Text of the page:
Students elected to Geneseo Village Board of Trustees

For the first time in village history, Geneseo has elected two students to the Village Board of Trustees. Spanish major freshman Mary Rutigliano and political science and history double major junior Matthew Cook—who each ran under on an independent ticket—beat Republican Leslie Carson, incumbent Democrat Bob Wilcox and Democrat Phil Jones with votes totaling 685 and 553 respectively.

Political science major senior Sean Perry and biochemistry major junior Sam Larkin managed both campaigns alongside approximately eight student volunteers who acted as agents in distributing and collecting absentee ballot forms to students across campus. The March 15 election fell during Geneseo’s spring break, during which many students traveled away from campus.

“We successfully changed the electorate of who was going to vote in this election,” Perry said. “We knew exactly what we needed to win—we knew we needed to mobilize the student vote.”

The influx of absentee voter ballots pushed the student candidates to the top of the polls, but both received votes in person on Election Day as well. Rutigliano added 173 to her count and Cook received 55.

Although the campaigns catered largely to students, both Rutigliano and Cook went door-to-door throughout the Village, canvassing to townspeople directly in order to further connect with the community.

“Our whole idea was to bring together two parts of Geneseo. Geneseo has a high ceiling and we really want to make it the best that it can be,” Cook said. “Both parts separately are great, but when you put them together, who knows what could be done?”

A Geneseo native, Rutigliano emphasized that canvassing helped her and Cook address the concerns of the community regarding their commitment to the positions. Village Trustees serve four-year terms and both have said they plan on fulfilling those duties.

Mayor Richard Hatheway appeared to respond positively to the election of two Geneseo students. “These people were elected by the voters of Geneseo and we look forward to working with them,” he said in a phone interview.

Wilcox said he hopes it “doesn’t change anything at all,” although he noted that this election could potentially change the dynamic of local governments across the state where SUNY campuses could dominate those electorates.

“I have no idea how things will go,” he said in a phone interview. “But I hope the students stick with it. I hope it works out well.”

Rutigliano and Cook will be sworn into office on April 4.  Both plan to address issues regarding “brain drain” over the next few weeks, combating Geneseo’s consistent failure to attract new residents and keep recently graduated students in the Village. Cook also expressed a desire to continue a conversation regarding the Social Host Law and its potential danger to students without a Good Samaritan clause.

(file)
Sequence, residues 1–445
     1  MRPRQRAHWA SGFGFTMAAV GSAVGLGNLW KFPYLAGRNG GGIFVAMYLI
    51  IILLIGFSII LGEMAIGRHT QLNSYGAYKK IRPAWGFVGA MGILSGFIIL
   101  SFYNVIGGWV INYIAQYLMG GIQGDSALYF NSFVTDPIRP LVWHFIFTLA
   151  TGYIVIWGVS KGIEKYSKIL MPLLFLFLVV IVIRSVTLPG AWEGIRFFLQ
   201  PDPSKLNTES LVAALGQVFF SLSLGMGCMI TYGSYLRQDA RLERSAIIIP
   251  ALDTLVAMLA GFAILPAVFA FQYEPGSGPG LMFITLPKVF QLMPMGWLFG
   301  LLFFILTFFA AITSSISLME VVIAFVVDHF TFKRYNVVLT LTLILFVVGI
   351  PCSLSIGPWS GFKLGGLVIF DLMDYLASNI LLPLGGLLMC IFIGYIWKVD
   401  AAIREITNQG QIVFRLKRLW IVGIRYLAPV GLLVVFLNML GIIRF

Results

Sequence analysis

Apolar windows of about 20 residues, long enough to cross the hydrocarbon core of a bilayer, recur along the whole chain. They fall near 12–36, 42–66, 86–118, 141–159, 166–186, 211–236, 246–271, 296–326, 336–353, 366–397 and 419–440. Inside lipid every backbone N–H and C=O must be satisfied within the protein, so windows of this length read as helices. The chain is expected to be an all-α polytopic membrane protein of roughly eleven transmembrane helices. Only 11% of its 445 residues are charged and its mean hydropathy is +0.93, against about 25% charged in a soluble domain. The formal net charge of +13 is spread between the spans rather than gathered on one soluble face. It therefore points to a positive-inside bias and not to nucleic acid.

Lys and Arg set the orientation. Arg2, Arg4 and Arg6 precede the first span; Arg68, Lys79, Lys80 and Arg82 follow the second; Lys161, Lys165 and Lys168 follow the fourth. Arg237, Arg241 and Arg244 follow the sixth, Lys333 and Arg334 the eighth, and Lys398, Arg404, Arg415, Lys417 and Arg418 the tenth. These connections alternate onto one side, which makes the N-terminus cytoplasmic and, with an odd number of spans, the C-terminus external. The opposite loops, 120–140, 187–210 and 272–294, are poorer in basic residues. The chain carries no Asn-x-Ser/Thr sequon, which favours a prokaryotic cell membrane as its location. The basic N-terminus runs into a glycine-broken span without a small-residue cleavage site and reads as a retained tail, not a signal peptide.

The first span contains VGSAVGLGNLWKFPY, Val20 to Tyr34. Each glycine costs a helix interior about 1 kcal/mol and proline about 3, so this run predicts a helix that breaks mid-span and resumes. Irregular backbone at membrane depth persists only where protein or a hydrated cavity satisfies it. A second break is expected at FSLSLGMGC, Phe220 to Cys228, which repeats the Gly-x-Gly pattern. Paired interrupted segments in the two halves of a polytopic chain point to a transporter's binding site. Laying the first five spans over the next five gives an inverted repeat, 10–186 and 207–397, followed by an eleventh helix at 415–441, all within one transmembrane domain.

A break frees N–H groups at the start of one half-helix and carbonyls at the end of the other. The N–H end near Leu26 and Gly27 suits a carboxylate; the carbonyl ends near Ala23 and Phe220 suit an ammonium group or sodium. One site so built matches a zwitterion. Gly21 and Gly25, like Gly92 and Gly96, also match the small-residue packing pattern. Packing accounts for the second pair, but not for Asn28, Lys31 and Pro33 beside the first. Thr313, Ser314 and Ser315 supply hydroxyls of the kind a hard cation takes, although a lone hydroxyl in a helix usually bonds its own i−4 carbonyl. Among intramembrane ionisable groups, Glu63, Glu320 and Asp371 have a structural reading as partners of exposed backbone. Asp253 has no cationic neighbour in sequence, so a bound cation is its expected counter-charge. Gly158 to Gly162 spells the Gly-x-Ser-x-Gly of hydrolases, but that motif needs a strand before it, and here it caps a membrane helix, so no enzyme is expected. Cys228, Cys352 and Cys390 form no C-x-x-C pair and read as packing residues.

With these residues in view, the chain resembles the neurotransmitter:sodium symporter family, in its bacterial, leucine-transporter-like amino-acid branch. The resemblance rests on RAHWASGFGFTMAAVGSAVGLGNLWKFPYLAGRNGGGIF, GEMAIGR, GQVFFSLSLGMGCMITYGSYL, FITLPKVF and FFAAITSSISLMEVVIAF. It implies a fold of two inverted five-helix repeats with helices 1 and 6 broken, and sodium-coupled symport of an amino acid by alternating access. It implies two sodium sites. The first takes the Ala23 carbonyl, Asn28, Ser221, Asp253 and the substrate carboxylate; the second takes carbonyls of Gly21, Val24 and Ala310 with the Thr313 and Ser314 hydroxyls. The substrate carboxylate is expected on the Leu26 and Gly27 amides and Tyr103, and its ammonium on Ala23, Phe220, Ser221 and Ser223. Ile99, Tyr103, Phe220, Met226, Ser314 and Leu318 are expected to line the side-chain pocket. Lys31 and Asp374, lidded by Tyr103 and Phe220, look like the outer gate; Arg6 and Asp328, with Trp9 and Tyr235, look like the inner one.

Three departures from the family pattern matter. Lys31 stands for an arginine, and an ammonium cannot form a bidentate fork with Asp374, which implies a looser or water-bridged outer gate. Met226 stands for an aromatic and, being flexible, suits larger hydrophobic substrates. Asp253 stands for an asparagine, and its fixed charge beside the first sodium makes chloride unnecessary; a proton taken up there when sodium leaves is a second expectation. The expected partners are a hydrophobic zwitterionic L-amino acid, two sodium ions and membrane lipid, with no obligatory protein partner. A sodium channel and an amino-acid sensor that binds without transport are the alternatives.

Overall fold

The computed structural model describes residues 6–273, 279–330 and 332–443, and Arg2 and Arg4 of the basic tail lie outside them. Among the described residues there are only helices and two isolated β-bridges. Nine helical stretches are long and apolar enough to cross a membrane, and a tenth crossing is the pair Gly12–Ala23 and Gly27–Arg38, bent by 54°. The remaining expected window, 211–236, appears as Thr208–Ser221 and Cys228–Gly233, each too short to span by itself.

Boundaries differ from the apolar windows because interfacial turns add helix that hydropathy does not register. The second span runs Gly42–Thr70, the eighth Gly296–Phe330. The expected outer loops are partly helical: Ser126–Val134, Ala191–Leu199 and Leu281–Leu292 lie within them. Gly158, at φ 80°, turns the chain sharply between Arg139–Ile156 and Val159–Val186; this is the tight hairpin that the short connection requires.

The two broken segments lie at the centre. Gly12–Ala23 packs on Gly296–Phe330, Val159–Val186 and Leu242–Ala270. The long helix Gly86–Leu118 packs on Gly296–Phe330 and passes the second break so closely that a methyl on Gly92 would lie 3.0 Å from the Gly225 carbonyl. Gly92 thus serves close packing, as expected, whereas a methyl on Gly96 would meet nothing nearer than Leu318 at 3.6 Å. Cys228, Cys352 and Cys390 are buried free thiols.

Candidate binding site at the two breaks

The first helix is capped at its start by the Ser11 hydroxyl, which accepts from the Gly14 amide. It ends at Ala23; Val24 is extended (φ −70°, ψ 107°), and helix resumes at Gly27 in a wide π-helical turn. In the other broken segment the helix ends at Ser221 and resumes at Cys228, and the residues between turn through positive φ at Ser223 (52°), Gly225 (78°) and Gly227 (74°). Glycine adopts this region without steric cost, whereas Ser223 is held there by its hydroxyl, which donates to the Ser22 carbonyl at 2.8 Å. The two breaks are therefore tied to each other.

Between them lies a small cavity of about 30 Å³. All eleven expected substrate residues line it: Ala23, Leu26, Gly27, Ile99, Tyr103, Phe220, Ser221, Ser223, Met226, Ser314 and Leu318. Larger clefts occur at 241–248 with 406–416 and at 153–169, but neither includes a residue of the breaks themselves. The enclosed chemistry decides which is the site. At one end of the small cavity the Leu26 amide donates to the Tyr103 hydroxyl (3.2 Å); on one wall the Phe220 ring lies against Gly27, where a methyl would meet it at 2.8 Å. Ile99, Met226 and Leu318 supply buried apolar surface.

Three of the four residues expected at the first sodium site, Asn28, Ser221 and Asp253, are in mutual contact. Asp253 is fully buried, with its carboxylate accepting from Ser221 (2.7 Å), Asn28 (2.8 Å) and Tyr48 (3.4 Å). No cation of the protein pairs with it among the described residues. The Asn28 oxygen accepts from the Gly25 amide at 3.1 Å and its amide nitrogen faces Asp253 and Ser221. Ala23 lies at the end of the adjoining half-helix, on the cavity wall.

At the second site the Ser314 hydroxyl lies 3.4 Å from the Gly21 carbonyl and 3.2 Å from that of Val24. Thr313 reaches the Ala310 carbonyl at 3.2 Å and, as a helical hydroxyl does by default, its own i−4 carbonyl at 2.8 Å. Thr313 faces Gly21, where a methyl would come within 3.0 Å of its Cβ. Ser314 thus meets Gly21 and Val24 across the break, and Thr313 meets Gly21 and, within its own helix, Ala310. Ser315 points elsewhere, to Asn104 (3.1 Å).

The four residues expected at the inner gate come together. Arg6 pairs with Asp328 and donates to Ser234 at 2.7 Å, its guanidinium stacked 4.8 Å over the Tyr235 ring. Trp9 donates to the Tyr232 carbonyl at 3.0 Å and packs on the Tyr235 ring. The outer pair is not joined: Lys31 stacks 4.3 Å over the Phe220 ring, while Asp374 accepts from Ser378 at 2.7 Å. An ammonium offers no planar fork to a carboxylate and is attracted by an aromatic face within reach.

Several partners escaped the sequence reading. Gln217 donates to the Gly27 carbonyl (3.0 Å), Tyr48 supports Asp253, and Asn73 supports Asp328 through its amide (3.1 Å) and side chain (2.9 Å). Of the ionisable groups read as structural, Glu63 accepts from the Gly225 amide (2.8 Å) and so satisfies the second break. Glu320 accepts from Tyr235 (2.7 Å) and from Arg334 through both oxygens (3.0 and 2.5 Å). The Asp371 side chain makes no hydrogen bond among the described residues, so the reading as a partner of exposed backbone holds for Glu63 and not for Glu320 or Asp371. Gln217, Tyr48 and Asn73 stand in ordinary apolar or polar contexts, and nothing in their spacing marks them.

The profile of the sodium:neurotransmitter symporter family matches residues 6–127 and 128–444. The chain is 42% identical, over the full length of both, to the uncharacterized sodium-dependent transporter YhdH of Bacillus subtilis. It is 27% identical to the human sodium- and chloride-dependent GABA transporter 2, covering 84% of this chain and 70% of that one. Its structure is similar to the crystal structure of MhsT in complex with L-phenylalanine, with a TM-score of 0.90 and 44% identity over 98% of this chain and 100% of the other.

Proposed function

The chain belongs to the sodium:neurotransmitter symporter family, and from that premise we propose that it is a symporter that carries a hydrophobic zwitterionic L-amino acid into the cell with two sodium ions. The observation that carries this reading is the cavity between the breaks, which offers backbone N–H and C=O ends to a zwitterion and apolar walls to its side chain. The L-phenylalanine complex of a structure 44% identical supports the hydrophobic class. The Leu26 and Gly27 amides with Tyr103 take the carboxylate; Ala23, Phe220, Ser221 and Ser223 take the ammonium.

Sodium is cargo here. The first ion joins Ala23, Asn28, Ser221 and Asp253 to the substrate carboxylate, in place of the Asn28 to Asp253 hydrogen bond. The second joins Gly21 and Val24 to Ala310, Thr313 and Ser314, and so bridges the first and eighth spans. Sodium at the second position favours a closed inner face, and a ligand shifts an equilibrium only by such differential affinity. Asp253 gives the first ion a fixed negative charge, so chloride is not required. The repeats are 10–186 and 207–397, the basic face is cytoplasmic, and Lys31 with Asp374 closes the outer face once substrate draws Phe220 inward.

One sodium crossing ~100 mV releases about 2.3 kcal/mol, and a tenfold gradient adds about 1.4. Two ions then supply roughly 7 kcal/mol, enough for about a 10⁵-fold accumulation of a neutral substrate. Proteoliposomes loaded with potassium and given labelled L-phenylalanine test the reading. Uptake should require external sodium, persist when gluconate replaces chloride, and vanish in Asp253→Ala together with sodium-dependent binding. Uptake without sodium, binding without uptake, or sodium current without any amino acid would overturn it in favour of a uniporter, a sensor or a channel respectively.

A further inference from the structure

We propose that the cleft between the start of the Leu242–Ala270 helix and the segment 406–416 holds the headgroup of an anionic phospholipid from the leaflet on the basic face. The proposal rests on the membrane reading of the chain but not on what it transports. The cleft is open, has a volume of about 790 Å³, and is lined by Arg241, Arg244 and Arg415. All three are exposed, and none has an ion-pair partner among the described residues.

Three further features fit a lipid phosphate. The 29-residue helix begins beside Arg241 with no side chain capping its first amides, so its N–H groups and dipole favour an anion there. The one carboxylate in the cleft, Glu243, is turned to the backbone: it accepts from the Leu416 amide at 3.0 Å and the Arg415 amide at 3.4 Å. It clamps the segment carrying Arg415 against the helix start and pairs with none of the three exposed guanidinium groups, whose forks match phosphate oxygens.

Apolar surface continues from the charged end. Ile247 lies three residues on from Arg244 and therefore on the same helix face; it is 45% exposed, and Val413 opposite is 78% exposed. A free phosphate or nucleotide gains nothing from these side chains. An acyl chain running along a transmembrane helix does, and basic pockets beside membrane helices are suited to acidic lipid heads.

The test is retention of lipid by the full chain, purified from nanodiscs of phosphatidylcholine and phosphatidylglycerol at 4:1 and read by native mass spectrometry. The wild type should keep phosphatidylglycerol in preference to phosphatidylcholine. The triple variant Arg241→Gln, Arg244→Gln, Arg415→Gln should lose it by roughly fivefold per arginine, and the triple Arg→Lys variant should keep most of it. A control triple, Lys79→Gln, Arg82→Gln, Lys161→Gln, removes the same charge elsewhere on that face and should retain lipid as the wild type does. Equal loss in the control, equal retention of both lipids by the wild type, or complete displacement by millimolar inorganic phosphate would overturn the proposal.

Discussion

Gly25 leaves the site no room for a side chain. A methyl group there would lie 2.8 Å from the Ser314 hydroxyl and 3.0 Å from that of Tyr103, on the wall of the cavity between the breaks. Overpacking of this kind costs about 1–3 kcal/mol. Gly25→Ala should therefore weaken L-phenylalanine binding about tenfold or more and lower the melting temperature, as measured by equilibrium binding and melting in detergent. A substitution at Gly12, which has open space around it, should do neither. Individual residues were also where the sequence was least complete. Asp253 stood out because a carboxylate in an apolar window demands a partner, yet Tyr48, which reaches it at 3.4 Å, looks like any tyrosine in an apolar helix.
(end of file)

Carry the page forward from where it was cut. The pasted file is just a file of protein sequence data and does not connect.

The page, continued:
Wilcox expressed concern that the law dominated students’ reasoning behind their support for Rutigliano and Cook and that the vast majority “don’t care” about other aspects of the local government. His fear extends to the candidates’ motivations as well.

“I’m not mocking or against the students,” he said. “It just has to do with experience.”

Cook remarked that no matter the election result, four of the five people were going to be new at legislating.

“The only person without this problem would have been Bob Wilcox,” he said. “You don’t have to be an expert on everything, but you have to do your research, your homework and talk to people to see what they want. That’s how you make your decisions and move forwards.”

The concern regarding students’ incentive to vote sparked criticism from both Wilcox and residents of the Village. The Livingston County News reported that Judy Devries, a first-time voter as a Geneseo newcomer, questioned, “Do [the students who voted with absentee ballots] have the right to vote here? Most of them are probably on their parents’ tax return and they really should be registering where they live. I question the legality of their votes.”

Rutigliano addressed the concerns head on, explaining that students are a part of the community, spending as much time here as a senior citizen who winters in the west or Florida.

“[The students] spend their money here. They make their decisions here. They bring a lot to the Geneseo community,” she said. “I think that makes them just as legitimate as a member of the community [as a resident]. That’s the law and if you have a problem with the law, talk about that, not how students aren’t legitimate.”

Both Trustees acknowledged the importance of keeping students politically involved in the future, encouraging the establishment of a student voice in the local government. “Hopefully, in the long term, we can organize where voting locally is a thing that Geneseo students just do,” Rutigliano said.

Other election results include incumbent Republican Bradley Janson’s win against Bill Brennan for Village Justice. Johnson received 409 votes to Brennan’s 387.